But don't worry! Despite such serious subjects dripping with international politics, it's still just a story and there's room for completely surprising ideas. I will only reveal that in one mission, during a standard flight, "Flip" suddenly receives a signal on the rescue channel from a concerned woman... It is thanks to such moments, in an ultra-realistic simulator such as DCS World , you can show some human characteristics and emotions, even if they're delivered just with the voices of heroes.
Where did the idea for a prequel to Flip's adventures come from? Who's behind the storyline?
This certainly is the result of the success of the first part, which, frankly speaking, surprised us a bit, because we did not expect such a positive reception of Raven One. So, striking the iron while it was hot was a natural reaction, especially as we all had fun making the first part. This time, however, we adopted a slightly different course of action. Previously, I tried to reflect some of the missions in Kevin's book as reliably as possible, and only then wrote the script to the others, so that everything would make sense (of course, after lengthy discussions with the writer and Jell-O).
With Dominant Fury, they wrote almost all of the missions, and then we adapted them together to the capabilities of DCS World. As such, it's an even more ambitious project than the previous campaign, with longer missions (up to 3 hours – but they're split into shorter parts), more machines involved in them, more varied goals, etc.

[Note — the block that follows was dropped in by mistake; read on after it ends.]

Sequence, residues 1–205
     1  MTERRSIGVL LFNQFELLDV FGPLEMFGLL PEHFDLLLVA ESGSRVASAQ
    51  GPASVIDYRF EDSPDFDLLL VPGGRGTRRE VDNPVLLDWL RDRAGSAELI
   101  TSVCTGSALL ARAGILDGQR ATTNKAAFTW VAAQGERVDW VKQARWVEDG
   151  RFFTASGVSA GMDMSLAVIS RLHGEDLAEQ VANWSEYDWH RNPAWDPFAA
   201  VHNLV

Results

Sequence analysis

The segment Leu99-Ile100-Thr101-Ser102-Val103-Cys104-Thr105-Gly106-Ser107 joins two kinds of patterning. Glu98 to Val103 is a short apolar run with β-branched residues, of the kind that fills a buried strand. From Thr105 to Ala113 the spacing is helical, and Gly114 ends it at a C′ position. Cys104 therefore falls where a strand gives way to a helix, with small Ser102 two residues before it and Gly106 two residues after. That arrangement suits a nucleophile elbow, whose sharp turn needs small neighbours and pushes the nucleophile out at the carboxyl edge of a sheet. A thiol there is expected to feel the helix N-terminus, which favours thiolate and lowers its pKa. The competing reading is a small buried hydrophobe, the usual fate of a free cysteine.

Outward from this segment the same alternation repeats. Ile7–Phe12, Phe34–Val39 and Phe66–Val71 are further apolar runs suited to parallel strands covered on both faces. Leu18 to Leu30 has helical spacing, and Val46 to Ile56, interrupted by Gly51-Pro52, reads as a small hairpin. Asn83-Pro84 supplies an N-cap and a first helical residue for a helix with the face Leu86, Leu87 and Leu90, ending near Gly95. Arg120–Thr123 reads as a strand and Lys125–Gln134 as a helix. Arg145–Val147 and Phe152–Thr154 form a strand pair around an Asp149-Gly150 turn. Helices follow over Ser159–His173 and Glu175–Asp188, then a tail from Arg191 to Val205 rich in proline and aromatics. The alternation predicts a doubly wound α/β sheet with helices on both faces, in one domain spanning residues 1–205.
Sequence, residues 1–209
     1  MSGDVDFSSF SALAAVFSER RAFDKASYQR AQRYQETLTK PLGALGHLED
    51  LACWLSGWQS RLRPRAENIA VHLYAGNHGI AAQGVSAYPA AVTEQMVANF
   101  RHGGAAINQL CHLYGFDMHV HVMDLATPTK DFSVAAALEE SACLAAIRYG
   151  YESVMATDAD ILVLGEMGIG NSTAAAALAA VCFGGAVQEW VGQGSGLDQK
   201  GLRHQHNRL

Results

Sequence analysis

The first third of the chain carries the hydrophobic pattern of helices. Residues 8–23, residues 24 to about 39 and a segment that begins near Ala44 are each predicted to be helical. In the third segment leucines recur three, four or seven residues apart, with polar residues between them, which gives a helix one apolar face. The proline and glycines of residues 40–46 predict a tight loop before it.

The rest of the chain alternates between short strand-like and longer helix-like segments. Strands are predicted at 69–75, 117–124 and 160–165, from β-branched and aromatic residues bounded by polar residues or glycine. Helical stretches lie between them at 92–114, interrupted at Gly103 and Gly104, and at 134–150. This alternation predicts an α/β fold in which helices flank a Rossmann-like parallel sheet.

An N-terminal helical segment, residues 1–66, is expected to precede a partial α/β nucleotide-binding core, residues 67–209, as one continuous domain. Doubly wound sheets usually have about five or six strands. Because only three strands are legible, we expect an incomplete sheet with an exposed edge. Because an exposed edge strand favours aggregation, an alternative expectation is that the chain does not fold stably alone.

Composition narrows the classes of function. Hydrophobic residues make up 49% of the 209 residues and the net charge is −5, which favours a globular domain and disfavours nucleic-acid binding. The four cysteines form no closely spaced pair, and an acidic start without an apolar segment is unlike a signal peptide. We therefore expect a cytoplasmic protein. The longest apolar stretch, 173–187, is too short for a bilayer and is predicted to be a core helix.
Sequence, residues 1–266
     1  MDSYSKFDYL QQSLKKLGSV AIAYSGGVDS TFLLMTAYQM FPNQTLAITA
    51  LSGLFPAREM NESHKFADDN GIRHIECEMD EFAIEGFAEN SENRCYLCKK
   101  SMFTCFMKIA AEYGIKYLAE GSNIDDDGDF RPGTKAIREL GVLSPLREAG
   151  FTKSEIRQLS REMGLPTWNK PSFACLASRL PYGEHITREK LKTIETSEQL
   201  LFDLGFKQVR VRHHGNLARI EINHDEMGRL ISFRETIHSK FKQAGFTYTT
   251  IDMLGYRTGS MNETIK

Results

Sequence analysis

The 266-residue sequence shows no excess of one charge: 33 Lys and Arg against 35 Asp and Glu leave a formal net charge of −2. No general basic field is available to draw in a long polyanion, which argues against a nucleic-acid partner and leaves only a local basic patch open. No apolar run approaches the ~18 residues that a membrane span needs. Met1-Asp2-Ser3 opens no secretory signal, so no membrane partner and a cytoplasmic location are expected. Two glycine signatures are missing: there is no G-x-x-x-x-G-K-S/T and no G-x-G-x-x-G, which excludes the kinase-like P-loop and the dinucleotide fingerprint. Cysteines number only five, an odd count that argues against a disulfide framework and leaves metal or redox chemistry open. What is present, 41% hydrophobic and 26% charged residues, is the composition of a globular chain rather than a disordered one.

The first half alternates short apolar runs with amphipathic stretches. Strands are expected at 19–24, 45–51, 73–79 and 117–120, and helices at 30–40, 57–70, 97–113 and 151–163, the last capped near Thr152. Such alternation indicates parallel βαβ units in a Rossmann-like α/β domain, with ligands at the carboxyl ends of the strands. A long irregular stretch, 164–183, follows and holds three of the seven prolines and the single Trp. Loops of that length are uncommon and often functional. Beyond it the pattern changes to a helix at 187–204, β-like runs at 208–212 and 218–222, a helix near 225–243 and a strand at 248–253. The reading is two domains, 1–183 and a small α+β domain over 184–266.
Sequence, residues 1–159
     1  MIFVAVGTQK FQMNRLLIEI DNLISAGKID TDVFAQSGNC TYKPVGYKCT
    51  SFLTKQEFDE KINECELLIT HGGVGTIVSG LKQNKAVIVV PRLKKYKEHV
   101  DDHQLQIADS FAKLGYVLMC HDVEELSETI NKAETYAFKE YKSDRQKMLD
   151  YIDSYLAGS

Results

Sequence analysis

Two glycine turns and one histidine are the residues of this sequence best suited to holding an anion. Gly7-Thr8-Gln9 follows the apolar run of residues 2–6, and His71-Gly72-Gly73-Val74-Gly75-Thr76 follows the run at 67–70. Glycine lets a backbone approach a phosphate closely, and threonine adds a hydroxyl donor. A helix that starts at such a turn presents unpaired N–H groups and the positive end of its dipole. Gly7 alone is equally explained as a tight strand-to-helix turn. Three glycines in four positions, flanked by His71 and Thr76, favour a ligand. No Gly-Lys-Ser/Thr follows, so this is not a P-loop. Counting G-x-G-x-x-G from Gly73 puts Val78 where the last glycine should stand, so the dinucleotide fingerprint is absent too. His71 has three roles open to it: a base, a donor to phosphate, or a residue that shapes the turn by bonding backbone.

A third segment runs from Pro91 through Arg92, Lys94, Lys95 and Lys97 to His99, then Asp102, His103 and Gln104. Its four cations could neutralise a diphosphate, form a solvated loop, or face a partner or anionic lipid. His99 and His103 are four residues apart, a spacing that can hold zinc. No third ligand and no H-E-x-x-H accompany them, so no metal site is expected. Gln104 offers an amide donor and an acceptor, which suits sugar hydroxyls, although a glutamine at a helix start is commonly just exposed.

We also have an idea for the third part, but this time it will be a training campaign, something like my other production: Iron Flag for the A-10C Warthog. It will be created with assist of two F/A-18 pilots, one of whom even finished the Top Gun School, and who have more than 3,000 hours of flight time each. I am sure that they will be an invaluable source of information and tips for virtual pilots. – Baltic Dragon
A hair's width away from Top Gun: Maverick in DCS World...
All these plans and the milestones achieved to date seem like a lot of work. This is an amazing feat for a single, passionate creator – a similar level of content quality could easily be expected from a team of a dozen developers. So what does it really look like behind the scenes? Is this still a hobby created in spare time, or is it slowly becoming a job similar to running a dev studio?
For now, it's still a hobby that I devote my spare time to – of which I don't have too much – but ultimately, I will want to devote 100% of my time to creating content to DCS World, make it my main occupation. It looks like I will be able to do it in about 2 years. It's true, however, that more and more people are involved in these projects. They are mostly contributors and experts on the subject matter, especially former pilots like Kevin Miller, Jell-O, John Waters and others, but also voice actors. A single campaign can involve up to 80 people! In addition, there are beta-testers, people helping with finding information, creators of trailers, dedicated skins for planes, campaign artwork, etc. So the proper management of these projects really takes a lot of time. – Baltic Dragon
Thanks to modders, F/A-18 Hornet is now available in DCS – and it almost looks like the one in the new movie.